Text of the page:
After more than a century of being on store shelves, this week the FDA proposed eliminating all added trans fats from food products in the U.S.
The New York Times reports that if the label of "generally recognized as safe" is removed from trans fats, food manufacturers will be required to scientifically prove that trans fats are safe if they want to use them in their products. This will be nearly impossible after more than a decade of research that continually shows that trans fats are a leading contributor to heart disease, and that there is really no safe level of consumption of them.
That's exactly why trans fats are on our Scary Seven list of ingredients.
Trans fat is created when liquid oil is combined with hydrogen gas to make it more solid, and it acts as a preservative as well as aiding in smoothing out the texture and taste of many processed foods. It's also a less expensive ingredient than butter and other oils that may be used in their place. However, according to the American Heart Association, research that began in the 1990s showed that trans fat plays a significant role in raising cholesterol levels and increasing rates of heart disease.
In 2006, the FDA required manufacturers to label the trans fat in their foods. These are commonly listed as "partially hydrogenated oils." As a result, the average daily consumption of trans fats in the U.S. dropped from 4.6 grams in 2006 to about 1 gram in 2012, and the Centers for Disease Control reports a decline of 58 percent for the blood levels of trans fatty acids in white adults between 2000 and 2009.
However, foods that contain less than 0.5 grams of trans fats per serving have been allowed to be labeled as free of trans fats. This is a problem because people could potentially consume a few grams of trans fats in a day, enough to pose health risks according to scientists, if they ate more than one serving of foods that were labeled as free of trans fats but were actually just within the 0.5 gram threshold.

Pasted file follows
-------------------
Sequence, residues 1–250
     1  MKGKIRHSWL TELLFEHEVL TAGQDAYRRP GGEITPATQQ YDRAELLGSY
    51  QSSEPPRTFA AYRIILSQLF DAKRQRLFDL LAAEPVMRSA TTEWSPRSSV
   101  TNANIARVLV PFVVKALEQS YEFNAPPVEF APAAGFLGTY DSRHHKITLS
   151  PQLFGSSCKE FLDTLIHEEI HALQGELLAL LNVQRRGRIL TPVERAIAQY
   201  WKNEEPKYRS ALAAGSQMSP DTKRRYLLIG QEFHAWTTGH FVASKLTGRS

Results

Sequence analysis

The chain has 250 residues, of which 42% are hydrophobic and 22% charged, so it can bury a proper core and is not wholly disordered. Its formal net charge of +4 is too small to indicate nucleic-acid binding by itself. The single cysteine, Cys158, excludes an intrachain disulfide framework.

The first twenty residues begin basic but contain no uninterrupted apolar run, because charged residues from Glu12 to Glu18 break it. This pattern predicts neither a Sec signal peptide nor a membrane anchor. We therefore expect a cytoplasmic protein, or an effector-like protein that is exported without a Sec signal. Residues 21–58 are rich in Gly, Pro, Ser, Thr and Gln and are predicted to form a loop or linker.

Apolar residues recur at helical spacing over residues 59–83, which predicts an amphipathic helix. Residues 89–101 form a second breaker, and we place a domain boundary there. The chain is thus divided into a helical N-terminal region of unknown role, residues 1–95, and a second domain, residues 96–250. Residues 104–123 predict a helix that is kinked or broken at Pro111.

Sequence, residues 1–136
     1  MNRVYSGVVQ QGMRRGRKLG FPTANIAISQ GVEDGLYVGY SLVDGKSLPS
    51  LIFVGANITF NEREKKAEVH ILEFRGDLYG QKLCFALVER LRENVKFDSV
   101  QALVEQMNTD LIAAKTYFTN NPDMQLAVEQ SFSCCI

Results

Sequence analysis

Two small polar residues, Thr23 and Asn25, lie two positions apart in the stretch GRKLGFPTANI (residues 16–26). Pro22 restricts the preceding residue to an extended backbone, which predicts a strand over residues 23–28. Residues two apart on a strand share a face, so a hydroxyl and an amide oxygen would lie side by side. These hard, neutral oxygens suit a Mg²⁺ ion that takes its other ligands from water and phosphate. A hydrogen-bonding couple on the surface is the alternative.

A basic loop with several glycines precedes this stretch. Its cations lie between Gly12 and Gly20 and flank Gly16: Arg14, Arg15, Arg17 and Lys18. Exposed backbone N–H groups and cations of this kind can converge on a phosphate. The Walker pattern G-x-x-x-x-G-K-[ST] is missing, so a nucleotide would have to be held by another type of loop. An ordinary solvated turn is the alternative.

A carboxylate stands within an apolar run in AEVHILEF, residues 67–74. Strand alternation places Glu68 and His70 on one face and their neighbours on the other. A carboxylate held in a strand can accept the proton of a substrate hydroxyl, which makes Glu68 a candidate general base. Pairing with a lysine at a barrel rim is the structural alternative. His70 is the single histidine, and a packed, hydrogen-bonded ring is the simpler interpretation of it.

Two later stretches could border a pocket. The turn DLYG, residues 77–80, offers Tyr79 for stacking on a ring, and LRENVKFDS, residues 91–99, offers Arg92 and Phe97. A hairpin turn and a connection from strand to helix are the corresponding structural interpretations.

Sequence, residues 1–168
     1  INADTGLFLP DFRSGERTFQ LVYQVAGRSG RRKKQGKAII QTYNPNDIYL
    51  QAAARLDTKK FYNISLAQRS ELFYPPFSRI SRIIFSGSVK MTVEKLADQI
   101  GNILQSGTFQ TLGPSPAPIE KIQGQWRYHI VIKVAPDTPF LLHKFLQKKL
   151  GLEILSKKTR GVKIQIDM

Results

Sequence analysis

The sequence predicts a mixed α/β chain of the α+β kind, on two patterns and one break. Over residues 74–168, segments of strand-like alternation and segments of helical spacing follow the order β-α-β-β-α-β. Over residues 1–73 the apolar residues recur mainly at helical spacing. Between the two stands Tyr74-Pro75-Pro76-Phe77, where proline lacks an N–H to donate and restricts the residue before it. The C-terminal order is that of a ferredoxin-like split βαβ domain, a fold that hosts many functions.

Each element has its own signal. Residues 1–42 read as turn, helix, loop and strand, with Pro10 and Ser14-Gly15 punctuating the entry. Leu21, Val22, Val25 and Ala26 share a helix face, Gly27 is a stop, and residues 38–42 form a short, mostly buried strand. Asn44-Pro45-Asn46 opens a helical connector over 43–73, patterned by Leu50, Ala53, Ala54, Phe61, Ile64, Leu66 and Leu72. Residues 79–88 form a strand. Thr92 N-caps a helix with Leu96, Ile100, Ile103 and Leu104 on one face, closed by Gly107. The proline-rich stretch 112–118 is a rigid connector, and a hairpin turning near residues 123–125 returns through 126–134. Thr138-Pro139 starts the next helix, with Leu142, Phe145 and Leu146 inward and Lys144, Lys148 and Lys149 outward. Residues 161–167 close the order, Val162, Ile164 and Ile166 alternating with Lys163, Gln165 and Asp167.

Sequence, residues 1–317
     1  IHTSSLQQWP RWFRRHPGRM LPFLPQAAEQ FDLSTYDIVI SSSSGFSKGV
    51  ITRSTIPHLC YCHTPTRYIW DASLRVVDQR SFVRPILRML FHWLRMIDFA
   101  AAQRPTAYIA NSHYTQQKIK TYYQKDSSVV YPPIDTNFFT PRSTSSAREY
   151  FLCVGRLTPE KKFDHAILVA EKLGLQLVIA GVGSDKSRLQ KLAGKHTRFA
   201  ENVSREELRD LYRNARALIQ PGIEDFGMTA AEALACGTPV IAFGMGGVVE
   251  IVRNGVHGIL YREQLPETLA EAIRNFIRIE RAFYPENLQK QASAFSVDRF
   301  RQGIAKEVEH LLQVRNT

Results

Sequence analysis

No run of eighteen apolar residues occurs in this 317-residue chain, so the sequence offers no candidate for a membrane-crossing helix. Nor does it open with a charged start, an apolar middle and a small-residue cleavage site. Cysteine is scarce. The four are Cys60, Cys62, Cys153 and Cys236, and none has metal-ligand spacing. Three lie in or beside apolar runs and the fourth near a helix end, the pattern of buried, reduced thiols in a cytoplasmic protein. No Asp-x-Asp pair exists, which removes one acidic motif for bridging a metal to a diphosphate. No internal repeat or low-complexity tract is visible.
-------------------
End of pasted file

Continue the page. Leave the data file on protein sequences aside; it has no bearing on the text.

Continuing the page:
Check out our video on trans fats and how they can be hiding in some of your favorite foods:
FDA commissioner, Dr. Margaret Hamburg, says that the elimination of trans fats could prevent 20,000 heart attacks and 7,000 deaths each year.Read more about reading labels
Naturally occurring trans fats will still be allowed in food, but this proposal would remove all artificial trans fats from store shelves which could have a significant impact on the overall health of the nation. The bottom line is that despite their effectiveness as an ingredient, they are harmful to the human body in even small quantities, and therefore, the FDA is making the right move in protecting the people by taking them off the shelves.
The FDA's proposal is open to public comment for 60 days before it will be finalized.